Sizwe Mkwanazi (26)

2019 Mail & Guardian 200 Young South Africans

Business & Entrepreneurship

Sizwe Mkwanazi (26)

Sizwe Mkwanazi (26)

PhD candidate in Education, University of Oxford

"Academia has a responsibility to create ecosystems to start your own business and programmes."

Sizwe Mkwanazi, who is studying for his PhD at Oxford University, says his academic path happened “really by accident” because he obtained his matric equivalency from a TVET college. Mkhwanazi had to receive a ministerial permit to study at the University of Johannesburg (UJ), having previously obtained technical qualifications in Standerton, Mpumalanga, where his grandparents raised him.

He left school in grade nine and completed his education at a TVET college, working as a gardener in his spare time to fund his studies. Today, he confidently walks the hallowed halls of Oxford as a doctoral candidate.  After his PhD, Mkwanazi plans to remain within the academic field and become a Professor of Entrepreneurship Education; he’s set his sights on doing this at Harvard University Business School in the US. He wants to bring  his international experience back home with the establishment of the Africa Cooperatives University of South Africa.

Mkhwanazi is not just an academic and he has experience under his belt in entrepreneurship, having set up a recycling enterprise himself. He became interested in the technical aspects of entrepreneurship while tutoring undergraduates at UJ. During that period, he also established the Youth for Action Rural Youth Development Foundation.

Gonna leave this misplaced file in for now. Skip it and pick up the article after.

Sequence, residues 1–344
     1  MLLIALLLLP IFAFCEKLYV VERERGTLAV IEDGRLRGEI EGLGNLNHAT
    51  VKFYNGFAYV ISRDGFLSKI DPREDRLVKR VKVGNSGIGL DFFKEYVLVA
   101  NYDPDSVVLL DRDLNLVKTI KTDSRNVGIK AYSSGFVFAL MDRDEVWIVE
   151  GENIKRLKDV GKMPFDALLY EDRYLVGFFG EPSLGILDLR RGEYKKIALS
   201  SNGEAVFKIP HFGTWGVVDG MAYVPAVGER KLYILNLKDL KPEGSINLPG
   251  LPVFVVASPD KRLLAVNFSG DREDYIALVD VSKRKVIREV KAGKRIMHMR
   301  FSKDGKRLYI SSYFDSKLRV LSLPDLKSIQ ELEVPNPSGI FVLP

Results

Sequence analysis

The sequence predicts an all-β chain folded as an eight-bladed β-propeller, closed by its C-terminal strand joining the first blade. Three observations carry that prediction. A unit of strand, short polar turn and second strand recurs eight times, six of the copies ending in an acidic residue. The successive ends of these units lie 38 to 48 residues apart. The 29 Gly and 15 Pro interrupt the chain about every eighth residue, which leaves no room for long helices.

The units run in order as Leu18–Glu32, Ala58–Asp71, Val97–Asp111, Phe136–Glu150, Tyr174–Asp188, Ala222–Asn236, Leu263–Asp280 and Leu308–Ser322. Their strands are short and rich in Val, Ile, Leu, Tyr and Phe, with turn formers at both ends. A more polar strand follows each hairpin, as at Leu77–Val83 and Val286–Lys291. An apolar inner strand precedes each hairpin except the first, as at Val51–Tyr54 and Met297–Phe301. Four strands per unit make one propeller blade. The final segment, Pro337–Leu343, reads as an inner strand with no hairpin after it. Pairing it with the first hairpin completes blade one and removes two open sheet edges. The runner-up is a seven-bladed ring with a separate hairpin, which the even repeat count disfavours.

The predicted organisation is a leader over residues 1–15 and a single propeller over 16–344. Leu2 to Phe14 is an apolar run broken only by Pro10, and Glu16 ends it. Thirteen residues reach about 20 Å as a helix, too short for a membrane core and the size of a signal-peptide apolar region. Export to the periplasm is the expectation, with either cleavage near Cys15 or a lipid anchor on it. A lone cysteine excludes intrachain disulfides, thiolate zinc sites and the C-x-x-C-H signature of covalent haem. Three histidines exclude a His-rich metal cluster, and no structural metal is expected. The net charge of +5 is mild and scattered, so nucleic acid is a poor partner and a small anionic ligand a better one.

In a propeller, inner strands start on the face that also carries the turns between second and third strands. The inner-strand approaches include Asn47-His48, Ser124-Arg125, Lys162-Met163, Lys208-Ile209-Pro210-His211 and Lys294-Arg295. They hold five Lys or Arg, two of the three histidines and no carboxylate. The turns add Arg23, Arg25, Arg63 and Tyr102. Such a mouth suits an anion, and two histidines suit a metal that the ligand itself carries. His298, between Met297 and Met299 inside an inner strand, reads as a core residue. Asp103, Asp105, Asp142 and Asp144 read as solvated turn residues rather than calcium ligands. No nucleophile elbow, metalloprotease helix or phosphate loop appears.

Mkwanazi was appointed by Enactus, University of Johannesburg and Enactus South Africa as a co-faculty advisor for the university team in 2015, and he worked closely with the faculty advisor to bring entrepreneurship education into university modules. Enactus is an international organisation that connects academia and business through entrepreneurial-based projects that empower graduates.

Through Mkwanazi’s intervention, students doing community service work with people from other disciplines and partner with identified co-operatives and SMMEs in a guided way.

His focus on entrepreneurship education stems from his belief that the business community should work with academics to prepare graduates to forge their own paths. Mkwanazi maintains that entrepreneurship should be taught as a subject at university, like economics.

Mkwanazi’s PhD topic examines ecosystems and collaboration in the field of entrepreneurship education. “I think that academia has [a] responsibility to create ecosystems to start your own business and programmes,” Mkwanazi says.

Politicians often speak about entrepreneurship and young people starting their own businesses as a panacea to the country’s soaring unemployment rate. Mkwanazi says more credible research is needed to understand the contexts in which businesses are established and which factors drive their success.